Impact assessment on £235 MSK contract delayed

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A FURTHER delay has been announced to plans to reveal how a £235 orthopaedic contract being handed to the private sector will affect other health services, including accident and emergency at St Richard’s Hospital.

The findings of an independent assessment currently being carried out was expected to be disclosed at a meeting in Chichester on December 5, but that now won’t happen until the new year.

The county council’s health and adult social care select committee (HASC) will still meet on Friday, December 5, where an update will be given about the new NHS musculoskeletal (MSK) services will be rolled out by new provider Bupa CSH Ltd.

The HASC meeting had already been pushed back from an earlier date in November, while the rolling out of the new MSK services has also been delayed, from its original date of January 1 to March 31.

The independent impact assessment has been jointly commissioned by Coastal West Sussex Clinical Commissioning Group (CCG), the body who handed the contract to consortium Bupa CSH Ltd, and Western Sussex Hospital Trust, which runs St Richard and Worthing Hospital.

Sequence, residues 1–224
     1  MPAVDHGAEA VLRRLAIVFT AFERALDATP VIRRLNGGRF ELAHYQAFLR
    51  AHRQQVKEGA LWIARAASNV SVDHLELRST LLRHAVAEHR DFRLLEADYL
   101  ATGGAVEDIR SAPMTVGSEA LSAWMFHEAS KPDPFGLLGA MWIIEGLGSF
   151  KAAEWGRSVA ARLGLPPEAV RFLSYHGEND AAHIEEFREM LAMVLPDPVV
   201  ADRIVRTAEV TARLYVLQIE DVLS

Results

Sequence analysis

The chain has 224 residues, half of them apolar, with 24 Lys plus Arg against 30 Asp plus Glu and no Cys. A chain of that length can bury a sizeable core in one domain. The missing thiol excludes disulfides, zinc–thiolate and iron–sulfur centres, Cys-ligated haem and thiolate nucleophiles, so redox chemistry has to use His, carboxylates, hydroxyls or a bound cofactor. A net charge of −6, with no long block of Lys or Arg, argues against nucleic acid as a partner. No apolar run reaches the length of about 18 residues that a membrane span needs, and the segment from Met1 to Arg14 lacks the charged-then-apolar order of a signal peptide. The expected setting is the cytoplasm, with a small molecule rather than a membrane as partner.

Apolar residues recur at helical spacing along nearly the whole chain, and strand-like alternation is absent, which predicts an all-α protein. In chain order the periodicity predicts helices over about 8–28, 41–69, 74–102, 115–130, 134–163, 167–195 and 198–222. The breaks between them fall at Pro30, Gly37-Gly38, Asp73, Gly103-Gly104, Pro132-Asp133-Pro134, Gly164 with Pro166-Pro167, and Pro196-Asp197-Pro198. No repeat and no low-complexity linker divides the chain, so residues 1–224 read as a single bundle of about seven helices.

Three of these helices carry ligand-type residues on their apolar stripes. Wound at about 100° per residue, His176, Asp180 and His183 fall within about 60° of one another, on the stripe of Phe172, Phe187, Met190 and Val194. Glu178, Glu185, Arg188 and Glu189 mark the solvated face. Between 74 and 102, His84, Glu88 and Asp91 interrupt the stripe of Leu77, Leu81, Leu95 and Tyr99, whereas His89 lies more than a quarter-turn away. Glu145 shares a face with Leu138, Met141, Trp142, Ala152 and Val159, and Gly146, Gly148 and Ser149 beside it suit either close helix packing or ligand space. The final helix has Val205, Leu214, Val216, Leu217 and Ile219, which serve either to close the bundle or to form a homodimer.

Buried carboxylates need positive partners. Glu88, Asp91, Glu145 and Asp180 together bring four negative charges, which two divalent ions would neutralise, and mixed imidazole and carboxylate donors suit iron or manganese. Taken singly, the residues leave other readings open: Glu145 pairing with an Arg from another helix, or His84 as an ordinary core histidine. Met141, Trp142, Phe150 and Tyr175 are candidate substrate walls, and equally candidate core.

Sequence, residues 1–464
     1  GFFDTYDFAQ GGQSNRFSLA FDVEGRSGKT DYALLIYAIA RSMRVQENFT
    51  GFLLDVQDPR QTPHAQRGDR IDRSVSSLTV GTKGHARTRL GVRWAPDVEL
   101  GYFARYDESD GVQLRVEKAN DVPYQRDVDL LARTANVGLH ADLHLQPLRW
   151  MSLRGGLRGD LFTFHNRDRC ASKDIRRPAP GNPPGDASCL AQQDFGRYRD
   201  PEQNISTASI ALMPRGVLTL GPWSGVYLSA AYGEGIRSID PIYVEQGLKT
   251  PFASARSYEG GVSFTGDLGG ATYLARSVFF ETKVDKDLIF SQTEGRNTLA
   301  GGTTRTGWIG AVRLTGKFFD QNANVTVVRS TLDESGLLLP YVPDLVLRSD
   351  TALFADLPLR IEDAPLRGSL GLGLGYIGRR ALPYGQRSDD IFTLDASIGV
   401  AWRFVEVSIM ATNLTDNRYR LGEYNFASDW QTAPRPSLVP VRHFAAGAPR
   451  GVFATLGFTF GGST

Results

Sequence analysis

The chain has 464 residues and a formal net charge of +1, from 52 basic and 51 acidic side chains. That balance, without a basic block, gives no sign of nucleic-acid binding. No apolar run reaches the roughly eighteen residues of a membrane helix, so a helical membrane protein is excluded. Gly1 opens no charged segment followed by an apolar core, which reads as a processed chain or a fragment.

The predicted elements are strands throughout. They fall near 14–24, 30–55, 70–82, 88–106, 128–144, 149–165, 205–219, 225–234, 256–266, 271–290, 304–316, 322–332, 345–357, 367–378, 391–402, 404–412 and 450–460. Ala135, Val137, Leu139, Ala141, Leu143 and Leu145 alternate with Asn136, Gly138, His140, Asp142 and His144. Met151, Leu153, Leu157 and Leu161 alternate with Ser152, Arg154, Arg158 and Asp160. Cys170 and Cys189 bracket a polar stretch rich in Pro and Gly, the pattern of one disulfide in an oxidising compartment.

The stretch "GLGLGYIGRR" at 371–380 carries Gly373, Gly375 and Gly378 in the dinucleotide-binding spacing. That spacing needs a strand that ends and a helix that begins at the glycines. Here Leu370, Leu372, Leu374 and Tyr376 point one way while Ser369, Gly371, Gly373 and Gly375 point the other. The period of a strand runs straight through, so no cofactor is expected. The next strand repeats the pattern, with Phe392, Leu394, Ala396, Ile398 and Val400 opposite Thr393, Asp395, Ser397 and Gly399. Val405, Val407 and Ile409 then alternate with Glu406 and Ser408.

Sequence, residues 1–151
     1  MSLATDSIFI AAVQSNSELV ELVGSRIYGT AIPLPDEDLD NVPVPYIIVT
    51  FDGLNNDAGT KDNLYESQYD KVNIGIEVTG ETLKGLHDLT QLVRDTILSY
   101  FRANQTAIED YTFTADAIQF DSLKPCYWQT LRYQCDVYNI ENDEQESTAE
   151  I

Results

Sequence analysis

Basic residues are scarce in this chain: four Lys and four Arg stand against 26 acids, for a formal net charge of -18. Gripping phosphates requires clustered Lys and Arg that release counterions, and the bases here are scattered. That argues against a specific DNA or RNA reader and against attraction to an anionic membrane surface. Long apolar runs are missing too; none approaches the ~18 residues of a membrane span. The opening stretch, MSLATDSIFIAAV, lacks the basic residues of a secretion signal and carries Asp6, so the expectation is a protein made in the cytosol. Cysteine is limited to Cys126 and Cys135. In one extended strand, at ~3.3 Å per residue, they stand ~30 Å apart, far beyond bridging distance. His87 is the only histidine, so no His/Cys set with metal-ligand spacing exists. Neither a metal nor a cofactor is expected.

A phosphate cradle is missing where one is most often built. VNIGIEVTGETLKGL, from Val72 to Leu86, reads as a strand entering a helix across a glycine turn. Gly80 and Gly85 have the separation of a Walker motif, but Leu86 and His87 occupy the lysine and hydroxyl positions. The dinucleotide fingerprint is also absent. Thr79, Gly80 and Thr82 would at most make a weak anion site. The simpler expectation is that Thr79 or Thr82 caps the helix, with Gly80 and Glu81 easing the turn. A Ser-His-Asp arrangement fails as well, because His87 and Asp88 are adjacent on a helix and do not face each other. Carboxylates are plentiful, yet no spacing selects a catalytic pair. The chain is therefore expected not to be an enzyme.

HASC has welcomed the news of the independent assessment, which it hopes will provide a clearer picture of how hospital services will be affected by the change in provider for non-emergency MSK services.


Margaret Evans said: “We are pleased to hear the impact assessment is underway. This is a positive step by the CCG and the Trust.

“It is right that both organisations give us an update on progress and next steps at our meeting on 5 December, although we understand that the outcomes of this impact assessment won’t be available in time for the HASC meeting.

“It may be that a full update won’t be available until the New Year. We now need to be patient and allow time for the impact assessment to be carried out and the implications assessed.

“The MSK contract is a matter of significant concern to the committee and to the public and everyone wants to make sure that all the implications are fully assessed, including what, if any, impact on local trauma services. It is important that these results are made public.”

Musculoskeletal services deal with a variety of conditions affecting people’s muscles, bones and joints and range from hospital services such as orthopaedic surgery to services provided in the community such as physiotherapy and pain management.

The major warning about potential knock-on damage to accident and emergency and other services was sounded by the hospital trust, which jointly lost the contract.

The CCG has repeatedly statement that destabalising any health services was never its intention, and both parties have agreed to abide by the findings of the impact assessment.